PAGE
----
B wrote:The key to understanding this is first that, because you have a router, you have a LOCAL NETWORK at your home or business. That local network has its own IP address range, typically 192.168.x.1 through 192.168.x.254. Every device on your local network (your computers, your network printers, your Wii or XBox, your WiFi enabled phones, etc.) is given an IP address in that range by the router.
And second, you have a PUBLIC IP ADDRESS that exists and is visible on the Internet. The world can't see your 192.x.x.x addresses (they're "reserved" exactly for that reason) but they can see your single public IP address -- the 25.8.x.x one you listed.
Your router holds BOTH the public IP address AND a 192.x.x.x address on your LOCAL network (usually the router is 192.168.x.1.) The machines behind the router do NOT know about the public IP address; they have only their 192.x.x.x address.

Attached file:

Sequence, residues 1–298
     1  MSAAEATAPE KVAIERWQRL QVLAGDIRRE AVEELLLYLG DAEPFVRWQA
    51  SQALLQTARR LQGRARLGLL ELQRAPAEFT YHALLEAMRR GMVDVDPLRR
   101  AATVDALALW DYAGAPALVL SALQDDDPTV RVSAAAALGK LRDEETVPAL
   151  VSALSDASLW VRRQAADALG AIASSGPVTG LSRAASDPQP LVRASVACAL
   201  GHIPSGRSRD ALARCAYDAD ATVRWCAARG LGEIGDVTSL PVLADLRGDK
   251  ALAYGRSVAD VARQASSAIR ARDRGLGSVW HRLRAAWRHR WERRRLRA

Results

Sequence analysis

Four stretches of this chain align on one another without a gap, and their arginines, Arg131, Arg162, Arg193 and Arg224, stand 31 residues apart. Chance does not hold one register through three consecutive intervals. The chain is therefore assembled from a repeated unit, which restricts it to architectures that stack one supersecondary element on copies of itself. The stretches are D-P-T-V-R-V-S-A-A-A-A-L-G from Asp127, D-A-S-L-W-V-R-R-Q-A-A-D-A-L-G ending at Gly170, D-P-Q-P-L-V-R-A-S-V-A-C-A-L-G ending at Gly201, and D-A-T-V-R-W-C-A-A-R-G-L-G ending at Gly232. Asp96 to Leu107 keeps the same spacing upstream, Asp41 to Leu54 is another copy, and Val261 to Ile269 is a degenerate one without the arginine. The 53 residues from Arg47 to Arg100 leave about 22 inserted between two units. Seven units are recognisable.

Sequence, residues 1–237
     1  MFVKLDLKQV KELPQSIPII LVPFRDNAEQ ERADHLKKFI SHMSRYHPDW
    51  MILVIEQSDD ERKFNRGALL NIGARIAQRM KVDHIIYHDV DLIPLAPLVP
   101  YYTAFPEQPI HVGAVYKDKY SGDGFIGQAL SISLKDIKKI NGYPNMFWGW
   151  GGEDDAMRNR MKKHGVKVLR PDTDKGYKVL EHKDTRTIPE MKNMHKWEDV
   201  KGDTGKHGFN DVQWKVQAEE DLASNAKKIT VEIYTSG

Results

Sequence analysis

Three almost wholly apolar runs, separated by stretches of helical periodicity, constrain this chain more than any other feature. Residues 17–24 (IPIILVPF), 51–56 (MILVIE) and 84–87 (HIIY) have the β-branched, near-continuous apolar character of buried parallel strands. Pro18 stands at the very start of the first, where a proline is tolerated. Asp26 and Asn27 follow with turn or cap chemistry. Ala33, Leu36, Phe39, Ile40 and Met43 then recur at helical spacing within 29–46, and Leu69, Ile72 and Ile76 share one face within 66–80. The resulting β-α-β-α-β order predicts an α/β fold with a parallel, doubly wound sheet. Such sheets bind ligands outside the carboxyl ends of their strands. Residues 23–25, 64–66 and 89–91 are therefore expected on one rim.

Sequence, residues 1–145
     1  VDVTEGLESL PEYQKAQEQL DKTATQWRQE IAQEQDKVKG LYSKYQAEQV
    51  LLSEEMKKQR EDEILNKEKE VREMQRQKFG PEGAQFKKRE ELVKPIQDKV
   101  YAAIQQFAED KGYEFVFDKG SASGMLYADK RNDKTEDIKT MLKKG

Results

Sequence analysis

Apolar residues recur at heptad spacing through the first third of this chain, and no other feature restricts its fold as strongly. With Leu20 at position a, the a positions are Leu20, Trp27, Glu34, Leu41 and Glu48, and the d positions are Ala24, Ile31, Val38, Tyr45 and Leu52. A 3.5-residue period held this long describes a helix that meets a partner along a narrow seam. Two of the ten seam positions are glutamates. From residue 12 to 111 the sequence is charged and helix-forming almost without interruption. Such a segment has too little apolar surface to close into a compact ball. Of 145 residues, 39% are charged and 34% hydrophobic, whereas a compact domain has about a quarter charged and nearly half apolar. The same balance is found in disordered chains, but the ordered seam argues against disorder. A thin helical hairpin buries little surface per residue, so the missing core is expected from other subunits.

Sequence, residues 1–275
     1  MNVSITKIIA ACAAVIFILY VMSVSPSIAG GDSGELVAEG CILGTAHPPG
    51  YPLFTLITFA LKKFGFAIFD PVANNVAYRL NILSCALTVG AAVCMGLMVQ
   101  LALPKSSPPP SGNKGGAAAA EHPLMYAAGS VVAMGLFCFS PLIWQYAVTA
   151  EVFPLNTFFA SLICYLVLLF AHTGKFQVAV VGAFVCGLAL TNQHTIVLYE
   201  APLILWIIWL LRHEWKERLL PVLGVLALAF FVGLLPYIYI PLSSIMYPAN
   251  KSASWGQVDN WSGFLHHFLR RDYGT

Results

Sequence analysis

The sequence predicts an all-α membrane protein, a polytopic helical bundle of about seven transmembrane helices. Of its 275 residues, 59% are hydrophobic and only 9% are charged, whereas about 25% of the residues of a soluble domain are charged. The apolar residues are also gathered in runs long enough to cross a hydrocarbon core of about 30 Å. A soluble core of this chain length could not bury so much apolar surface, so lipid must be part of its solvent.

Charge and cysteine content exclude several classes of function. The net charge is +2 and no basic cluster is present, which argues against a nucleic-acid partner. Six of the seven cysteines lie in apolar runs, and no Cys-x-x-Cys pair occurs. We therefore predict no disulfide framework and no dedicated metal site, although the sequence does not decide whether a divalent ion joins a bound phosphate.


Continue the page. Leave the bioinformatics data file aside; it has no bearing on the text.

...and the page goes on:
You can check the local IP address of your PC by clicking Start, typing "cmd", hitting Enter, and then typing "ipconfig" at the command prompt. You can ALSO see all existing assigned local network IP addresses in a status page on many routers.
Because you want to port forward, it is better to set a STATIC LOCAL IP address on your computer (so the local IP address does not change). There should be plenty of instructions at PortForward.com and other sites for how to do this -- you use Windows' network control panel.
And then, yes, you enter the 192.168.1.x address (the one displayed by ipconfig as I described) and the VNC port you're using into the Port Forwarding screen for your router.
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